This research discusses the clustering of multiple-valued symbolic data. First, we discuss an extension of heuristic clustering based on the symmetric Kullback-Leibler distance combined with a complete-linkage rule within the hierarchical clustering framework. Then, we propose a new model-based clustering framework. These new family of models based on the Dirichlet distribution includes mixture of regression/expert models. Results are illustrated with synthetic and demographic (population pyramids) data.
22/05/2018, 11:00 — 12:00 — Room P3.10, Mathematics Building
Mirela Predescu, BNP Paribas - Risk Analytics and Modelling Team, London
Market Risk Measurement — Theory and Practice
Topics that will be covered in this talk:
- Value-at-Risk (VaR)
- Expected Shortfall (ES)
- VaR/ES Measurement
- Historical Simulation
- Model Building Approach
- Monte Carlo Simulation Approach
- VaR Backtesting
08/05/2018, 11:00 — 12:00 — Room P3.10, Mathematics Building
Nuno Sobreira, Department of Mathematics, Lisbon School of Economics & Management, Universidade de Lisboa
Evaluation of volatility models for forecasting Value-at-Risk and Expected Shortfall in the Portuguese Stock Market
The objective of this paper is to run a forecasting competition of different parametric volatility time series models to estimate Value-at-Risk (VaR) and Expected Shortfall (ES) within the Portuguese Stock Market. This work is also intended to bring new insights about the methods used throughout this exercise. Finally, we want to relate the timing of the exceptions (extreme losses surpassing the VaR) with events at the firm level and with national/international economic conditions.
For these purposes, a number of models from the General Autoregressive Conditional Heteroscedasticity (GARCH) class are used with different distribution functions for the innovations, in particular, Normal, Student-t and Generalized Error Distribution (GED) and corresponding skewed versions. The GARCH models are also used in conjunction with the Generalized Pareto Distribution through the use of extreme value theory.
The performance of these different models to forecast 1% and 5% VaR and ES for 1-day, 5-days and 10-days horizons are analyzed for a set of companies traded in the EURONEXT Lisbon stock exchange. The results obtained for the VaRs and ESs are evaluated with backtesting procedures based on a number of statistical tests and compared with the use of different loss functions.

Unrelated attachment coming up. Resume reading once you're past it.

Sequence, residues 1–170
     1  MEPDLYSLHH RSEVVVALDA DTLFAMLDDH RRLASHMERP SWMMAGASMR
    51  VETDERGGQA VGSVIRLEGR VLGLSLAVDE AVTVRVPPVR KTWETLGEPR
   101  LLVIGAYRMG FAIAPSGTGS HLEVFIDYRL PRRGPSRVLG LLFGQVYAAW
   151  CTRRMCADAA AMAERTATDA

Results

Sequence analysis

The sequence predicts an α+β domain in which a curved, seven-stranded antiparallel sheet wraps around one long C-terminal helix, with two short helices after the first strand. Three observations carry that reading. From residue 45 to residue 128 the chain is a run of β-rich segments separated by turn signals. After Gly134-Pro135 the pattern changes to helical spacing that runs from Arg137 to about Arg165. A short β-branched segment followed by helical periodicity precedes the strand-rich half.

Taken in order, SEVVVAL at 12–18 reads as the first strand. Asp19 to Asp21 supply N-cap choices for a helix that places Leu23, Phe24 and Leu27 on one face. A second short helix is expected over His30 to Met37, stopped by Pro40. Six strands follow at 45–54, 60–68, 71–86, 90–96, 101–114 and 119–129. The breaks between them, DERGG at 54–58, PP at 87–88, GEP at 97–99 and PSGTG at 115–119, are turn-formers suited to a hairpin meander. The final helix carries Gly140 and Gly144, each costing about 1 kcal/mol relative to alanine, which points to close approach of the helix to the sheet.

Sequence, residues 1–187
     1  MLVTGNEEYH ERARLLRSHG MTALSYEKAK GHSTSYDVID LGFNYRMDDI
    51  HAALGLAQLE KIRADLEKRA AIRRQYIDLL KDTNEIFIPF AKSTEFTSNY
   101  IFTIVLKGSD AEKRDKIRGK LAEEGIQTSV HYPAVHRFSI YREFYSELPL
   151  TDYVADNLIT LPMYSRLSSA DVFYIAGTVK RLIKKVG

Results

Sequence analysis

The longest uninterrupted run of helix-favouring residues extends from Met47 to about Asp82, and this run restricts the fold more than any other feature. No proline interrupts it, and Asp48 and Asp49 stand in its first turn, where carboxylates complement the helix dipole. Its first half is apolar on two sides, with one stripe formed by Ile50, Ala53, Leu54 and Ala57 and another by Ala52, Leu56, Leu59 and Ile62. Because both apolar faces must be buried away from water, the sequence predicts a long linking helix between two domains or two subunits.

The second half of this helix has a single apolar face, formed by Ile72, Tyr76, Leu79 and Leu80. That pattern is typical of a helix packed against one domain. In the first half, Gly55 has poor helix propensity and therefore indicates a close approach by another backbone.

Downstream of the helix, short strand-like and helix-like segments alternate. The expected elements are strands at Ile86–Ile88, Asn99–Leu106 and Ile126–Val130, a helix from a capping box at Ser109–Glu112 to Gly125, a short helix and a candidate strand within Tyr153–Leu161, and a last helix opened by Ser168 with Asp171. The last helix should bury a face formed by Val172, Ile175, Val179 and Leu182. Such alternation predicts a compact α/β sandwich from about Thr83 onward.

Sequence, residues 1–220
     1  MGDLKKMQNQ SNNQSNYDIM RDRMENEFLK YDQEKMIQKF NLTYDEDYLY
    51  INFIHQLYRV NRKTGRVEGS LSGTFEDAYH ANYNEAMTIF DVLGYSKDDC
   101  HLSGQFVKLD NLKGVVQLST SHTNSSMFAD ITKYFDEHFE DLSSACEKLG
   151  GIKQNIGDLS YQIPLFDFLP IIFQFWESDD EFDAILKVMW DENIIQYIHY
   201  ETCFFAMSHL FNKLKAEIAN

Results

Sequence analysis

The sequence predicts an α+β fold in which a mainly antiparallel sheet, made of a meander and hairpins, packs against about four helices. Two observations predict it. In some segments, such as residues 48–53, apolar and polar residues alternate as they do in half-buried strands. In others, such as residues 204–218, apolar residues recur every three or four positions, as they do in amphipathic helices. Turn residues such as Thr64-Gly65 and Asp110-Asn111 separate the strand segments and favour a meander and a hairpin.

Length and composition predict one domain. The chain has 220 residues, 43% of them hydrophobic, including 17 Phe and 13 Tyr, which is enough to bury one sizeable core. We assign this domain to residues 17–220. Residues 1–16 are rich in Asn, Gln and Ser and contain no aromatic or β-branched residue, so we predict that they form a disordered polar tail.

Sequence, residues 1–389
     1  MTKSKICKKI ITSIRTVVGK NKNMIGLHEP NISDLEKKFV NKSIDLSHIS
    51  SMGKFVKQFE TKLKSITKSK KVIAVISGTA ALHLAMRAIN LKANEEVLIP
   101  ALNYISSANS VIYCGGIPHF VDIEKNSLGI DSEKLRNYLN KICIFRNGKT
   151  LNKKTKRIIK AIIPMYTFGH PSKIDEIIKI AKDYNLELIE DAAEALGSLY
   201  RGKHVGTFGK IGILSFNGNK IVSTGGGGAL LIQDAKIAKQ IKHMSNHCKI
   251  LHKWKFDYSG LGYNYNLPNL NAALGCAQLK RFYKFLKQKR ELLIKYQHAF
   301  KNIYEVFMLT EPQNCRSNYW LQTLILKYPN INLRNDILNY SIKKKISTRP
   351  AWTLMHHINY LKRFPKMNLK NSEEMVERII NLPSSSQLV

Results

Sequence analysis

The final results are analyzed in several dimensions. Preliminary analysis show that the use of extreme value theory generally leads to better results, especially for low values of alpha. This is more evident in the case of the statistical backtests dealing with ES. Moreover, skewed distributions generally do not seem to perform better than their centered counterparts
24/04/2018, 11:00 — 12:00 — Room P3.10, Mathematics Building
Peter M. Kort, Department of Econometrics & Operations Research and CentER, Tilburg University; Department of Economics, University of Antwerp
Dynamic Capital Structure Choice and Investment Timing
The paper considers the problem of an investor that has the option to acquire a firm. Initially this firm is run as to maximize shareholder value, where the shareholders are risk averse. To do so it has to decide each time on investment and dividend levels. The firm's capital stock can be financed by equity and debt, where less solvable firms pay a higher interest rate on debt. Revenue is stochastic.
We find that the firm is run such that capital stock and dividends develop in a fixed proportion to the equity. In particular, it turns out that more dividends are paid if the economic environment is more uncertain. We also derive an explicit expression for the threshold value of the equity above which it is optimal for the investor to acquire the firm. This threshold increases in the level of uncertainty reflecting the value of waiting that uncertainty generates.
17/04/2018, 11:00 — 12:00 — Room P3.10, Mathematics Building
Rita Pimentel, CEMAT-IST
Processes with jumps in Finance
We will addresses two particular investment problems that share, in particular, the following feature: the processes that model the uncertainty exhibit discontinuities in their sample paths. These discontinuities — or jumps — are driven by jump processes, hereby modelled by Poisson processes. Above all, the problems addressed are all problems that fall in the category of optimal stopping problems: choose a time to take a given action (in particular, the time to decide to invest, as here we consider investment problems) in order to maximize an expected payoff.
In the first problem, we assume that a firm is currently receiving a profit stream from an already operational project, and has the option to invest in a new project, with impact in its profitability. Moreover, we assume that there are two sources of uncertainty that influence the firm’s decision about when to invest: the random fluctuations of the revenue (depending on the random demand) and the changing investment cost. And, as already mentioned, both processes exhibit discontinuities in their sample paths.
The second problem is developed in the scope of technology adoption. The technology innovation is, by far, an example of a discontinuous process: the technological level does not increase in a steady pace, but instead from now and then some improvement or breakthrough happens. Thus it is natural to assume that technology innovations are driven by jump processes. As such, in this problem we consider a firm that is producing in a declining market, but with the option to undertake an innovation investment and thereby to replace the old product by a new one, paying a constant sunk cost. As the first product is a well established one, its price is deterministic. Upon investment in the second product, the price may fluctuate, according to a geometric Brownian motion. The decision is when to invest in a new product.